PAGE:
In peace & healing,

molly

 

“Happiness is nothing more than good health and a bad memory.”  – Albert Schweitzer

Tomorrow is the big day. It’s the day I’ve worked to earn for the past four years, no matter how impossible it felt. Tomorrow I graduate from high school!

I could cry. I honestly, seriously, could cry. I was told two years ago that there was no possible way I would ever be able to catch myself up enough in order to graduate with my class. I wanted to prove to myself that even with my health in the state it was, I wasn’t going to let my life get pulled out from under me.

I needed to prove to myself I could do it. And, I have. I did it. I worked at home with tutors, through summers, and online in order to complete high school and still continue my treatment. I know my family and friends are incredibly proud of me. And I’m genuinely proud of myself.

I couldn’t tell you how I did it. I wish I had a secret to pass on to those others working though high school with chronic illnesses. The last two years are a blur. But tomorrow I’ll don a royal blue cap and gown and walk across that stage. I know I won’t have to remind myself to smile!

I’ll be back with a celebratory post as soon as I can.

Thank you for your continued support; it has meant so much!

 

Peace and healing to all!

molly

 

“Success means having the courage, the determination, and the will to become the person you believe you were meant to be”           – George Sheehan

I’ve been working on this post for so long that I barely remember what it all was that I wanted to say. In fact, this post has been so long in the works that apparently I’ve got another appointment with my LLMD next week. That works out wonderfully since I’ve forgotten my last one! (Surprise, surprise.)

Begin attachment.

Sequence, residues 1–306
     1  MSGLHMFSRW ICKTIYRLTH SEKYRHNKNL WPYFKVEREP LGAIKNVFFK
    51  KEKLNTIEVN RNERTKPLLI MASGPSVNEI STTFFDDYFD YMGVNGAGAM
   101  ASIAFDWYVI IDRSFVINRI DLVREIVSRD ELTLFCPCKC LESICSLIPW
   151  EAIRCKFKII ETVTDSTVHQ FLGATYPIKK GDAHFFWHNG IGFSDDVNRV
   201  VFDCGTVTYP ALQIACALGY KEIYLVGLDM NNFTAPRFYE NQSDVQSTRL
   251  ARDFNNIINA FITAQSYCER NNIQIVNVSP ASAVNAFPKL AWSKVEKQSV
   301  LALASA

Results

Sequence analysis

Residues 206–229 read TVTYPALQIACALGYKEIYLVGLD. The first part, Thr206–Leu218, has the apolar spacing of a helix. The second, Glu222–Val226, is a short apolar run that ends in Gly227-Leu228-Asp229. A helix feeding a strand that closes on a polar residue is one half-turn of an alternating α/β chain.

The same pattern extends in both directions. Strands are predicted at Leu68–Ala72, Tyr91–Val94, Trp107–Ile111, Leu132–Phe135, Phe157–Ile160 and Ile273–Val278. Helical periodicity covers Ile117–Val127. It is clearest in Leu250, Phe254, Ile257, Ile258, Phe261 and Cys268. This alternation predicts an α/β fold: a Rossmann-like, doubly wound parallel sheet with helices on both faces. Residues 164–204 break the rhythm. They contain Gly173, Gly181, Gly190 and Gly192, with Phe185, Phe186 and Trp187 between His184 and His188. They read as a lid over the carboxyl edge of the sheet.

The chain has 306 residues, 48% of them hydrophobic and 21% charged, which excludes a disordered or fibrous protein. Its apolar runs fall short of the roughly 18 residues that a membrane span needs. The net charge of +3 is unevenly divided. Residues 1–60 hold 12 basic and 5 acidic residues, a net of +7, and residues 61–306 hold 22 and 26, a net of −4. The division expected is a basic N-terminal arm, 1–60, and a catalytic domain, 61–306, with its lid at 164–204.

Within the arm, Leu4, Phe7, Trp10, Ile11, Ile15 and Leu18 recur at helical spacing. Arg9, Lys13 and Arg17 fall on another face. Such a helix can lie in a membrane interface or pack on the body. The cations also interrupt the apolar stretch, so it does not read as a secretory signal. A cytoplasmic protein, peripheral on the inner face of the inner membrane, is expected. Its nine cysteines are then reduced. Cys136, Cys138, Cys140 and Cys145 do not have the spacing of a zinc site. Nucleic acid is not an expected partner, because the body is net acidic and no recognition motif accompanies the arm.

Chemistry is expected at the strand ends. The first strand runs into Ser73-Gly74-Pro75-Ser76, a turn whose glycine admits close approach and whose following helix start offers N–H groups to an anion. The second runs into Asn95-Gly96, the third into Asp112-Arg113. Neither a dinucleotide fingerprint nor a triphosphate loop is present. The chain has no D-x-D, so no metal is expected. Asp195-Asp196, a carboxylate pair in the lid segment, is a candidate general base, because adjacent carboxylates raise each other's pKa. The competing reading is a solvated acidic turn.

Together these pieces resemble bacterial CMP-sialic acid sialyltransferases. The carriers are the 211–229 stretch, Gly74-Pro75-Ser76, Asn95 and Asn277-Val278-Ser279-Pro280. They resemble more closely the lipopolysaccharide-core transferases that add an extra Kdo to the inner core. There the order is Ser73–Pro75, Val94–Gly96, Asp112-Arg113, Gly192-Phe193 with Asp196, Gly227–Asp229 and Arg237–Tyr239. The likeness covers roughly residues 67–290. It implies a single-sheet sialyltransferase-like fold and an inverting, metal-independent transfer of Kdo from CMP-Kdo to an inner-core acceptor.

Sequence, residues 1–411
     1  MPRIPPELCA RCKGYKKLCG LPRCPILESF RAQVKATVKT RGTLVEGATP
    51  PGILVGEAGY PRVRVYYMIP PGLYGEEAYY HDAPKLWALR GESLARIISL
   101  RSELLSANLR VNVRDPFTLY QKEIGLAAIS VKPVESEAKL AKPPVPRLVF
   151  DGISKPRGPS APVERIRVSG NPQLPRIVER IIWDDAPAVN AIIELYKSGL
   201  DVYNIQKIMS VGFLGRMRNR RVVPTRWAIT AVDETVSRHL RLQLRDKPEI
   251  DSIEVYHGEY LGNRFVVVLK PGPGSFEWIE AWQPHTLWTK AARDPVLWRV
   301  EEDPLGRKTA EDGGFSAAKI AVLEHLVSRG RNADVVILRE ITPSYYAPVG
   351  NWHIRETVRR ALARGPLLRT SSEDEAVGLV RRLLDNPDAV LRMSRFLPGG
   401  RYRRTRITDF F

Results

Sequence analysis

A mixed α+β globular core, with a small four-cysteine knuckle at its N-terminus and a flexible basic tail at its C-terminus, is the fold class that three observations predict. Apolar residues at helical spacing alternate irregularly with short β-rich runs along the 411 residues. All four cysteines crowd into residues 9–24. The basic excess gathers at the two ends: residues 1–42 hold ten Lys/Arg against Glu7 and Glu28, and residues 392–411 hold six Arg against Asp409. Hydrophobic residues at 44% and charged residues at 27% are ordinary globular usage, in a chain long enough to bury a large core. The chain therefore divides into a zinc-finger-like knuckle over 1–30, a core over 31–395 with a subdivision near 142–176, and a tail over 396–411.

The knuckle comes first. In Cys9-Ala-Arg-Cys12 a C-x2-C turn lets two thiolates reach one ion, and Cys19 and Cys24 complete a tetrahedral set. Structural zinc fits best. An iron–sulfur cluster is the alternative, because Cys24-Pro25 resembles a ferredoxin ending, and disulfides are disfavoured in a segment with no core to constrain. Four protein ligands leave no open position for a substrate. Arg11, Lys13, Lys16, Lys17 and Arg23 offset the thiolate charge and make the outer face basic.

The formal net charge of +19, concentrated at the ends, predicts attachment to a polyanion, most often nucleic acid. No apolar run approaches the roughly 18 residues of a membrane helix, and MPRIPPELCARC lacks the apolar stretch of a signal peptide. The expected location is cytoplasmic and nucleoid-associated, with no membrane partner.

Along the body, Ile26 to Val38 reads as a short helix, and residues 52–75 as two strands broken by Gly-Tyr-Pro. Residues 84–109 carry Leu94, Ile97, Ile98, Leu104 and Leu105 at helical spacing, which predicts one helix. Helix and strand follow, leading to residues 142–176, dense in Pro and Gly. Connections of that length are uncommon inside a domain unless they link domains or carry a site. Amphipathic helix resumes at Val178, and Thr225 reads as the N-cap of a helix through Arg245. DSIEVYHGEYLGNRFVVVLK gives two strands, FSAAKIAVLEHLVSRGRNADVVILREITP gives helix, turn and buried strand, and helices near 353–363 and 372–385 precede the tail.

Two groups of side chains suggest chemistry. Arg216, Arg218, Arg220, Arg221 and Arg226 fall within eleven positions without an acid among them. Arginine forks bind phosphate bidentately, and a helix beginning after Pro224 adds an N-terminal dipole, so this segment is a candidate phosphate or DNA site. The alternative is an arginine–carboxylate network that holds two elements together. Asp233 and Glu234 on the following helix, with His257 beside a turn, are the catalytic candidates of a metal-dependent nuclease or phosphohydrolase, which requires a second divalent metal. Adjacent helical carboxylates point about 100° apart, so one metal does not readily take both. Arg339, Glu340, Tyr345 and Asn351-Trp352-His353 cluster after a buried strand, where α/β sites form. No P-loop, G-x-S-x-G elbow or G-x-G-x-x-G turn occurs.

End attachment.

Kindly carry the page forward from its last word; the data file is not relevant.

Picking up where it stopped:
I do remember that last month I walked into the office in the midst of my abdominal troubles. Near constant pain, swelling, and complete loss of appetite. My doctor had me get an ultrasound for a suspected enlarged spleen. That ultrasound came back within normal limits. But I was still left with the pain, not to mention the swelling. There really wasn’t much we could do. I wrote about this extensively here.

I also had a blood draw that day to check on my liver panel. Being on the Mepron was worrying with the toxicity, and now those new symptoms. Last week I came home from the Senate hearing and found a message from my LLMD waiting for me. My liver panel numbers were significantly higher than my December results had been. At my January appointment we had decided to wait and see what another month on the Mepron would produce. My Babesia symptoms had flared, and not broken yet.

Instead, with these new liver panel numbers I was instructed to stop the Mepron until we could discuss the situation with my doctor in depth. So, I was on the yellow stuff one morning, and off that night. Just like that!

I think it shocked my system, frankly. Last week was one long herx. I barely made my school deadlines, and by the end of the week I had a migraine like I hadn’t had in months. I can only describe it as a headache so intense that it reminded me of the ICP episode of last year. I had a constant low-grade temperature, and an increase in brain fog.

But by Sunday morning I was feeling well enough to follow-through with my plans to volunteer at my old elementary school’s Mardi Gras, and then spend the afternoon with friends. It was a joy! And, I couldn’t believe my luck when I felt well enough the next day to spend another afternoon with friends! Things were looking up. The herx had lifted. Lifted, that is, all except for one symptom. I’ve still got the headache I got the day after I stopped the Mepron. It’s no longer a migraine, but it’s a headache. And it isn’t letting up.

As far as I can tell I’m still showing symptoms of Babesia. But, I’m waiting to hear my LLMD’s opinion next week.

I feel differently since stopping the Mepron, however. I don’t know how to describe it. A word isn’t coming to mind. I think my energy levels are a little higher, and my stomach has felt better since last week. My concentration level and cognitive functions are fleeting though.